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NFDA Legislative Victories in Washington, D.C.

Posted: January 4, 2013

NFDA is pleased to start 2013 with two significant legislative victories that will have a positive impact on funeral service. First, the "Dignified Burial and Other Veterans" Benefits Improvement Act of 2012" was passed by Congress and has gone to President Barack Obama to be signed into law. The bill, which was strongly and actively supported by NFDA, includes several key provisions that NFDA has been working hard to have passed. Second, the "Job Protection and Recession Prevention Act of 2012," which addressed the so-called "fiscal cliff," included a key estate tax provision that will benefit family-owned funeral homes.

"Dignified Burial and Other Veterans" Benefits Improvement Act of 2012" (S.3202)

NFDA expects S.3202 to be signed into law soon. Below is a summary of the bill's key provisions:

  • It requires the secretary of Veterans Affairs is to furnish a casket or urn "of such quality as the Secretary considers appropriate for a dignified burial in a national cemetery" for veterans with no next of kin or sufficient resources for the burial are not otherwise available. The casket or urn must be in compliance with appropriate industry standards. This provision is effective one year after enactment;
  • With respect to the burial, interment or funeral, memorial service or ceremony of a deceased veteran at a national cemetery: the secretary shall ensure that the expressed wishes of the next of kin or other agent of the deceased veteran are respected and given appropriate deference when evaluating whether the event affects the safety and security of the national cemetery and visitors to the cemetery. This provision is effective from and after enactment;
  • The secretary shall give access to any honor guard unit including those of any veterans service organizations (VSO) or other non-governmental group providing services to the deceased veteran to public areas of a national cemetery if requested by the next of kin or other authorized agent. This provision is effective from and after enactment;
  • With respect to each deceased veteran who is transported to a national cemetery for burial: the secretary shall ensure that the local medical examiner, funeral director, county service group or other entity responsible for the body of the deceased veteran before such transportation submits to the secretary, (a) whether the deceased was cremated; and, (b) steps taken to ensure that the deceased veteran has no next of kin. A deceased veteran, as described in this subsection, is one that has no next of kin or other person claiming the body of the deceased veteran; and, who does not have sufficient resources for furnishing a casket or urn. The secretary shall pay the funeral expenses and transportation costs for the deceased veteran. This provision takes effect 180 days after enactment
  • The secretary shall cooperate with VSOs to assist entities, such as funeral homes, in possession of unclaimed or abandoned human remains to determine if such remains are those of a veteran or other individual eligible for burial in a national cemetery under the jurisdiction of the secretary. This provision is effective one-year after enactment.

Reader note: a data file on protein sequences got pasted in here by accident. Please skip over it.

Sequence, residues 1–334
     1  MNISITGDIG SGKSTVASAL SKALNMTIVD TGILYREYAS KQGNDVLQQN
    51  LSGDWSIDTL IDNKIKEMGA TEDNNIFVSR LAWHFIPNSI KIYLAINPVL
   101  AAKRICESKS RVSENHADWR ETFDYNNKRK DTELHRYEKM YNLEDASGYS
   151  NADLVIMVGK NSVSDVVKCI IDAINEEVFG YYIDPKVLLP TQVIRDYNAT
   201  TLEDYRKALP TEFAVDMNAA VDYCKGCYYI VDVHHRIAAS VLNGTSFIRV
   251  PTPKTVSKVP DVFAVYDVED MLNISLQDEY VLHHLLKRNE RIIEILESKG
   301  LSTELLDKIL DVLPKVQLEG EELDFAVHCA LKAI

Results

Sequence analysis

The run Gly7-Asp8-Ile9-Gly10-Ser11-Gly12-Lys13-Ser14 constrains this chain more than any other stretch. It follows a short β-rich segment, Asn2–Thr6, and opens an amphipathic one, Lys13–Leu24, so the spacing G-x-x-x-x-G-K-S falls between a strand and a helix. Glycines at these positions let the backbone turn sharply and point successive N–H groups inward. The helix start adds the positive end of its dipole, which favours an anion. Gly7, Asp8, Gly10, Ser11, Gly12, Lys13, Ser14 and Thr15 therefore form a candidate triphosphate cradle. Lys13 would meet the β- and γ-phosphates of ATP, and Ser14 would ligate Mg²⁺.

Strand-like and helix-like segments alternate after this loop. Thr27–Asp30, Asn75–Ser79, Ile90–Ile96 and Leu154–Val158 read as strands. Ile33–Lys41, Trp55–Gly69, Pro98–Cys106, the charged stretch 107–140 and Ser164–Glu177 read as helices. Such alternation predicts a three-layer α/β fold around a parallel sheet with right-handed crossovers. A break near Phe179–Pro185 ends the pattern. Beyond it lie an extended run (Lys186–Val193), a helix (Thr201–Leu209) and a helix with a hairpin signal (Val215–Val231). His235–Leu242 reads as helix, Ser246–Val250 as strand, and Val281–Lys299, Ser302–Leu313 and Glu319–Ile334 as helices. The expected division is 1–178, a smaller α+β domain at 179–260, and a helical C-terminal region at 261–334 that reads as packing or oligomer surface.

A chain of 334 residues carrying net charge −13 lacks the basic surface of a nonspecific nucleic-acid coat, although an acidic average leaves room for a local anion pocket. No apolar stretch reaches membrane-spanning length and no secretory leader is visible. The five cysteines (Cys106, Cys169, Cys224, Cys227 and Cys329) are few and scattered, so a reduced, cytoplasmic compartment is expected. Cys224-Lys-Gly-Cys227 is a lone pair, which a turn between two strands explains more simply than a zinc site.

A more detailed summary will be provided to NFDA members once the Department of Veterans Affairs has had time to draft implementing regulations. However, suffice it to say, this is a major victory for our nation's veterans and NFDA.

"Job Protection and Recession Prevention Act of 2012"

On the first day of 2013, the House voted in favor of an amendment in the nature of a substitute to a previously passed House bill passed by the Senate in the early hours of the day that would, in part, addresses the so-called "fiscal cliff" issue. The bill, addresses only the tax issues and pushes the spending sequestration and debt limit votes for two months and into a new Congress.

A key provision in this bill of extreme importance to NFDA and its members deals with the estate tax. Congress has agreed to make permanent the current estate tax law except for raising the tax rate from 35% to 40% for amounts that exceed the exclusion limit of $5 million for an individual and $10 million for a couple. The exclusion is indexed for inflation and the provision retains the current stepped-up basis and spousal transfer (portability) provisions.

NFDA, along with other small business trade associations and groups representing ranchers and family farms have actively advocated for this provision over the past several years. While our ultimate goal was to repeal the estate tax entirely, we knew the best we could get in this political environment was exactly what we achieved. It was a hard fought battle, but in the end, we won!

This is a major victory for NFDA and its members as well as all family-owned businesses, ranches and farms across America.

In addition, the bill also extends for one year the accelerated "bonus" depreciation for business investments in new property and equipment. Another provision that NFDA advocated be included in the final bill.